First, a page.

For more than 15 years, one of Amgen’s foundational oncology products, Neulasta®, has been used to help reduce the risk of infection due to a low white blood cell count in people with non-myeloid cancer who receive chemotherapy that can cause fever and low white blood cell count.
Now Neulasta Onpro® has reached the remarkable milestone of being prescribed to more than one million cancer patients without having to go back for a next-day injection only visit.
In the U.S., each year more than half a million patients with cancer are treated with strong chemotherapy, which can weaken the immune system and put patients at risk for developing a life-threatening infection, specifically febrile neutropenia (FN).1,2 Considered an oncologic emergency, FN is a condition that occurs when a patient with a low white blood cell count develops a fever.3 Neulasta is meant to be given the day after chemotherapy to help protect against FN, but some cancer patients find it difficult to return to their physician’s office the next day. Neulasta Onpro automatically delivers Neulasta at home to reduce the risk of FN and related hospitalizations.
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- Centers for Disease Control and Prevention. Preventing Infections in Cancer Patients. Information for Health Care Providers. Available at https://www.cdc.gov/cancer/preventinfections/providers.htm. Accessed January 12, 2021.
- Academic Journal for Managed Care. Guidelines in the Management of Febrile Neutropenia for Clinical Practice. Available at https://www.ajmc.com/view/guidelines-in-the-management-of-febrile-neutropenia-for-clinical-practice. Accessed January 12, 2021.
- Szwajcer, D. et al. “Assessment and management of febrile neutropenia in emergency departments within a regional health authority—a benchmark analysis.” Curr Oncol. 2011 Dec; 18(6): 280–284 on NCBI. Available at https://www.ncbi.nlm.nih.gov/pmc/articles/PMC3224029/. Accessed January 12, 2021.
Important Safety Information Regarding Neulasta® Contraindication
Do not administer Neulasta® to patients with a history of serious allergic reactions to pegfilgrastim or filgrastim.
Splenic rupture, including fatal cases, can occur following the administration of Neulasta®. Evaluate for an enlarged spleen or splenic rupture in patients who report left upper abdominal or shoulder pain after receiving Neulasta®.
Acute Respiratory Distress Syndrome
Acute respiratory distress syndrome (ARDS) can occur in patients receiving Neulasta®. Evaluate patients who develop fever and lung infiltrates or respiratory distress after receiving Neulasta for ARDS. Discontinue Neulasta® in patients with ARDS.
Serious Allergic Reactions
Serious allergic reactions, including anaphylaxis, can occur in patients receiving Neulasta®. The majority of reported events occurred upon initial exposure. Allergic reactions, including anaphylaxis, can recur within days after the discontinuation of initial anti-allergic treatment. Permanently discontinue Neulasta® in patients with serious allergic reactions.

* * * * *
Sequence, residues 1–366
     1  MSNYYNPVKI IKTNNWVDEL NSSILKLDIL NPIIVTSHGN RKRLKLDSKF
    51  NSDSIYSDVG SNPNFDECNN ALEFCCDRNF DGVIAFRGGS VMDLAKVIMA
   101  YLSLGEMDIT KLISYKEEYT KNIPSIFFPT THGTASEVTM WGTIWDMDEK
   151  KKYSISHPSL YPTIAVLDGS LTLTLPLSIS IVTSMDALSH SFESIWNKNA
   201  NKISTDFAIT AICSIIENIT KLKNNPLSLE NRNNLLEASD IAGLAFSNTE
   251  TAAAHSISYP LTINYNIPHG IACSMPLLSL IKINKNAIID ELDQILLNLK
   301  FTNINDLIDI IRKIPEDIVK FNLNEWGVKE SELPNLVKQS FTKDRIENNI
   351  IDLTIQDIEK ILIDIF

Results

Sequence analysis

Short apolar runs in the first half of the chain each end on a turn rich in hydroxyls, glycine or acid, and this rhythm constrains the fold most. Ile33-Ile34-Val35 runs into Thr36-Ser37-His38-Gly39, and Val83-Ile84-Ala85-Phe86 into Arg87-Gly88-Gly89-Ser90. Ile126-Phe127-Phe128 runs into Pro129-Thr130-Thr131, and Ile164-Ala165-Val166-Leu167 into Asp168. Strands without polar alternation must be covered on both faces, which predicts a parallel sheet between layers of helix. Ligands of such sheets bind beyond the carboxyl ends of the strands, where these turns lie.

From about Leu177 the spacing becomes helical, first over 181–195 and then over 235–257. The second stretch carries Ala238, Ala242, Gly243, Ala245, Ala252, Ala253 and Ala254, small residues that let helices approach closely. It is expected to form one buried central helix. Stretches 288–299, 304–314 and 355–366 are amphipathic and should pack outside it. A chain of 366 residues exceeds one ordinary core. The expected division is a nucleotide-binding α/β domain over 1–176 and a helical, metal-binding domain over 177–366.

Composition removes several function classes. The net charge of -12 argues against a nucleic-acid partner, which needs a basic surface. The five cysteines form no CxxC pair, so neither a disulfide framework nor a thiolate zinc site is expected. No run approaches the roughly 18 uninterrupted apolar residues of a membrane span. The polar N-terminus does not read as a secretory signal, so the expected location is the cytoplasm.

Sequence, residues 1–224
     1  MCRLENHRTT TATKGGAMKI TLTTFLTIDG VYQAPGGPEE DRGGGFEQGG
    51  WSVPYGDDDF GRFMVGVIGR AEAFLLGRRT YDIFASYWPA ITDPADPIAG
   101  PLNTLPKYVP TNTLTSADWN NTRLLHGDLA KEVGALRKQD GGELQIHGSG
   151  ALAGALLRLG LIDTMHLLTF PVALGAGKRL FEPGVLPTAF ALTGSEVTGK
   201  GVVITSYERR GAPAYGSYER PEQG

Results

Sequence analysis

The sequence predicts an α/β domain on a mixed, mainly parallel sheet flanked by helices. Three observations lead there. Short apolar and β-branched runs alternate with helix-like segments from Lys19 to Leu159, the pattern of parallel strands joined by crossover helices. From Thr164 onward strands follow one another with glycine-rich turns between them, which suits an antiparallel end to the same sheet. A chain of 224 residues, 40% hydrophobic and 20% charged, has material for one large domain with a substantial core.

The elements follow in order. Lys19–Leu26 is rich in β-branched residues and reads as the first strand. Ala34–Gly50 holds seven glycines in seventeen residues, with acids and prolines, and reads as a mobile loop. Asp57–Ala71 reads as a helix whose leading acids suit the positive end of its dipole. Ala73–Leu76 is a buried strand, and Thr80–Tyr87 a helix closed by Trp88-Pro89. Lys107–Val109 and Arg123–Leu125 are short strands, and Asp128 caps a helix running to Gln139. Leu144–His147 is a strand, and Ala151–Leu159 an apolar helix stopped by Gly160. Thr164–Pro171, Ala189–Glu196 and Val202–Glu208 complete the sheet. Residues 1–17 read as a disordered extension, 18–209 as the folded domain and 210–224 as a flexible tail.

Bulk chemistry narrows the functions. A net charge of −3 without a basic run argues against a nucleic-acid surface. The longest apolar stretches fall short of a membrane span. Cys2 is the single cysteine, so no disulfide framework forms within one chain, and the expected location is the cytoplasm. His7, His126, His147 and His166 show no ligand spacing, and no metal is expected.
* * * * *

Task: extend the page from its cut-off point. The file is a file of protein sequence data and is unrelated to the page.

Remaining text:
Allergies to Acrylics
The on-body injector for Neulasta® uses acrylic adhesive. For patients who have reactions to acrylic adhesives, use of this product may result in a significant reaction.
Use in Patients with Sickle Cell Disorders
Severe sickle cell crises can occur in patients with sickle cell disorders receiving Neulasta®. Severe and sometimes fatal sickle cell crises can occur in patients with sickle cell disorders receiving filgrastim, the parent compound of pegfilgrastim.
Glomerulonephritis has been reported in patients receiving Neulasta®. The diagnoses were based upon azotemia, hematuria (microscopic and macroscopic), proteinuria, and renal biopsy. Generally, events of glomerulonephritis resolved after withdrawal of Neulasta®. If glomerulonephritis is suspected, evaluate for cause. If causality is likely, consider dose‐reduction or interruption of Neulasta®.
White blood cell counts of 100 x 109/L or greater have been observed in patients receiving pegfilgrastim. Monitoring of CBCs during pegfilgrastim therapy is recommended.
Capillary Leak Syndrome
Capillary leak syndrome has been reported after granulocyte colony‐stimulating factor (G‐CSF) administration, including Neulasta®, and is characterized by hypotension, hypoalbuminemia, edema, and hemoconcentration. Episodes vary in frequency, severity and may be life‐threatening if treatment is delayed. Patients who develop symptoms of capillary leak syndrome should be closely monitored and receive standard symptomatic treatment, which may include a need for intensive care.
Potential for Tumor Growth Stimulatory Effects on Malignant Cells
The granulocyte colony-stimulating factor (G-CSF) receptor, through which pegfilgrastim and filgrastim act, has been found on tumor cell lines. The possibility that pegfilgrastim acts as a growth factor for any tumor type, including myeloid malignancies and myelodysplasia, diseases for which pegfilgrastim is not approved, cannot be excluded. The most common adverse reactions (≥ 5% difference in incidence) in placebo-controlled clinical trials are bone pain and pain in extremity.
Please see additional Neulasta® Safety Information, by visiting https://www.amgen.com/products.
Please see the Neulasta® Full Prescribing Information by clicking here.